"It's appalling that Congress can't work things out, but a huge relief that the states are able to step in," he said.
Services at the Grand Canyon were expected to be limited during the first 48 hours as vendors restock. The first meal at El Tovar Hotel on the South Rim was planned for Saturday night.
Park concessionaire Xanterra Parks & Resorts said overnight mule rides and motorcoach tours within the park will resume Sunday.
The funding to reopen the park came from the state Office of Tourism, the town of Tusayan and private businesses. Tusayan Mayor Greg Bryan presented a check for $426,500 to Brewer during a Saturday news conference.
Grand Canyon Superintendent Dave Uberuaga said the long weekend was a major driver in talks to resume park operations. He said the agreement with Arizona includes an option to extend the opening of Grand Canyon past seven days if needed.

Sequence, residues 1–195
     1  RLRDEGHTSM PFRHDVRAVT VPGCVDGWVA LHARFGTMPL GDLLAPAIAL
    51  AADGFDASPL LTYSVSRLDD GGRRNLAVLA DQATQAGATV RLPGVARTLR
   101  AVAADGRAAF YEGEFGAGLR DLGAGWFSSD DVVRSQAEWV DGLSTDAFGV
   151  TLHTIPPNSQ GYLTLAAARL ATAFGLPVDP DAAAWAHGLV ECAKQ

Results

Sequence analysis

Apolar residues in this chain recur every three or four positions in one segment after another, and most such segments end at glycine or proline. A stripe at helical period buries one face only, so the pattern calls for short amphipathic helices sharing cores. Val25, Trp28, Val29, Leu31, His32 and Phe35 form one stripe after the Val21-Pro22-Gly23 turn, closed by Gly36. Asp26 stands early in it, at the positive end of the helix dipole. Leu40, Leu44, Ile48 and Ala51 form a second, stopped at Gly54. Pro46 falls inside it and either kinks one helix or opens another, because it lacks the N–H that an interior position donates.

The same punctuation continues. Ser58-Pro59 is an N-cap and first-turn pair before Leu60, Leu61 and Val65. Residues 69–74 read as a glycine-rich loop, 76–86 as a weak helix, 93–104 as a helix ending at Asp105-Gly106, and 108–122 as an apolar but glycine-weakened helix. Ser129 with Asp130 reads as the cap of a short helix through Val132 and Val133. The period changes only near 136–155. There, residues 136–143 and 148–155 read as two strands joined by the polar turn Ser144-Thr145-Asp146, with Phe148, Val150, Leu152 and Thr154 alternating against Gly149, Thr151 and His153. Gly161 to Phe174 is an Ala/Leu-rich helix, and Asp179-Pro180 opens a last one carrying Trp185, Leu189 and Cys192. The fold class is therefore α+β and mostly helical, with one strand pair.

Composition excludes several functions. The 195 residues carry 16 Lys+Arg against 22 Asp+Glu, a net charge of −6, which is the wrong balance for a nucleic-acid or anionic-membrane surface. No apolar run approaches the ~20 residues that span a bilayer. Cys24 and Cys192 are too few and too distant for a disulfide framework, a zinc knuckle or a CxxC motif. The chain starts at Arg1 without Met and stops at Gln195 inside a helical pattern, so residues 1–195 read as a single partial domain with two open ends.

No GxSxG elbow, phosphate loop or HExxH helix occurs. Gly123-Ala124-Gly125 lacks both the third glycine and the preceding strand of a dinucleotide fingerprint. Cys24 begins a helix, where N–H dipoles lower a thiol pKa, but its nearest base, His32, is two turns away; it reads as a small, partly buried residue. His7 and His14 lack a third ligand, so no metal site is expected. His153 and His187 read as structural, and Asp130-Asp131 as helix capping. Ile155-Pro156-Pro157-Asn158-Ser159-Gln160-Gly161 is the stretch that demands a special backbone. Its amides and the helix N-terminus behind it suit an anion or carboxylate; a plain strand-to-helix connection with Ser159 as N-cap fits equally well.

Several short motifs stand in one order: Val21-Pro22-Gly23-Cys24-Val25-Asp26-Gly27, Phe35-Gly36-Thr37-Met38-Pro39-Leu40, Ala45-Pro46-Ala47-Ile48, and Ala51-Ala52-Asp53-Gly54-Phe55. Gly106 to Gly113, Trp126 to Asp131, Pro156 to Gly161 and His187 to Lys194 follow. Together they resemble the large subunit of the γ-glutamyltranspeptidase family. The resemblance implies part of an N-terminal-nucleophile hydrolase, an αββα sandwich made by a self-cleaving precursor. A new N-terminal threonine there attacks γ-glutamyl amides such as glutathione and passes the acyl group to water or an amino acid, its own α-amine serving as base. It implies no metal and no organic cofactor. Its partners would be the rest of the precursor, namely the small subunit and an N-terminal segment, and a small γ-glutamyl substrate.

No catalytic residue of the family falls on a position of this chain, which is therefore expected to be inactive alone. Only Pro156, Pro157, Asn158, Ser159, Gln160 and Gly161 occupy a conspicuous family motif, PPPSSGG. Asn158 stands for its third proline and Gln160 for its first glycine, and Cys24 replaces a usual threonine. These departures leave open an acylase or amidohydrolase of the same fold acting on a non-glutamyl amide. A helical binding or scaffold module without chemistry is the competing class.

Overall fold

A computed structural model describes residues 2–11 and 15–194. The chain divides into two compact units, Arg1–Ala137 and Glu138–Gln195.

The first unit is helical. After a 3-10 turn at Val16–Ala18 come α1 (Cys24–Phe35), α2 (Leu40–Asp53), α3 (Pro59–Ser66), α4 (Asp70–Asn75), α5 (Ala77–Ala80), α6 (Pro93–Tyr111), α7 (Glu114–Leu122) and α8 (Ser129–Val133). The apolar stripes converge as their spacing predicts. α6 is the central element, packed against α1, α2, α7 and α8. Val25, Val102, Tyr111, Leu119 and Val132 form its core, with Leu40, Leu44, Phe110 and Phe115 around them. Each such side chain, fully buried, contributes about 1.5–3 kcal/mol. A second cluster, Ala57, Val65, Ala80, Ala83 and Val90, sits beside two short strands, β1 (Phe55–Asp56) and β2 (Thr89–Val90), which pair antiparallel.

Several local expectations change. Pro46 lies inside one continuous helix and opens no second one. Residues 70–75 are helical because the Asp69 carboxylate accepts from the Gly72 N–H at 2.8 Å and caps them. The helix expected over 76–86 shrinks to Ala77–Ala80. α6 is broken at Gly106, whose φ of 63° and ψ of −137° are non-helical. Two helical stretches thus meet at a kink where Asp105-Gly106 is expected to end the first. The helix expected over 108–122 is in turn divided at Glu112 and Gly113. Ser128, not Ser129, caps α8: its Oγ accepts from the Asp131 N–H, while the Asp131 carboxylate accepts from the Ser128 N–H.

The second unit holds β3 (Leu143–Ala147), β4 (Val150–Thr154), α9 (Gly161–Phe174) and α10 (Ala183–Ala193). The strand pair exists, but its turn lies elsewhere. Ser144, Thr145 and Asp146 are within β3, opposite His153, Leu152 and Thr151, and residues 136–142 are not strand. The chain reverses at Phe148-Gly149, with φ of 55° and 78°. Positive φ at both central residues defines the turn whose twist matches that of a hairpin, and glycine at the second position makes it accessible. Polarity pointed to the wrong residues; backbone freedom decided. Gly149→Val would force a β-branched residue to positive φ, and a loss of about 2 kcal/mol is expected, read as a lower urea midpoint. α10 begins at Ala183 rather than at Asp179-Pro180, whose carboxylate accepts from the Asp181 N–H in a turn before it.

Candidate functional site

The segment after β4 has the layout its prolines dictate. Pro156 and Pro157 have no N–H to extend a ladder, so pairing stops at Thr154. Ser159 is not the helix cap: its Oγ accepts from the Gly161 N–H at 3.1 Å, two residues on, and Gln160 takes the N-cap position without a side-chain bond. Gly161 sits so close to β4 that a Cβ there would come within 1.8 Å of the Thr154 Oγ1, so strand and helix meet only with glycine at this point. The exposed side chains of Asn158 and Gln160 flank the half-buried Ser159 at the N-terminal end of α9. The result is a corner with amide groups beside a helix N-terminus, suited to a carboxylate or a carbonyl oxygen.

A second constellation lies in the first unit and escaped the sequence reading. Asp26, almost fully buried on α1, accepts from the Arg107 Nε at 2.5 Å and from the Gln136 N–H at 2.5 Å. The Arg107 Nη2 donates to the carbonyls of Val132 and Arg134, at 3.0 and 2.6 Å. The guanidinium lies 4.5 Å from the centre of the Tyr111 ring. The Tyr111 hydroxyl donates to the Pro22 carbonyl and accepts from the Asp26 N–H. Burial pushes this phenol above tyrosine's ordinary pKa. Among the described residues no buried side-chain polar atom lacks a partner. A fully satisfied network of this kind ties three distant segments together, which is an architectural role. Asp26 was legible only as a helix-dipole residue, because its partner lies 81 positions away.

"It's going to be a significant economic boost to everybody," he said. "Hopefully, we can have a continuing resolution by the time we run through the state of Arizona agreement and their funding."
Other national parks and monuments in Arizona remain closed. The exception is Glen Canyon National Recreation Area, which stretches into Utah. Utah governor Gov. Gary Herbert sent $1.67 million to the U.S. government to open the recreation area that includes Lake Powell, and other sites in Utah.
Brewer said she would push Congress to reimburse Arizona for funding the Grand Canyon.
"Arizona should not have to pay the federal government's tab here," she said. "It's their responsibility. The president and Congress should get up and do their jobs and negotiate an end to this shutdown as soon as possible."
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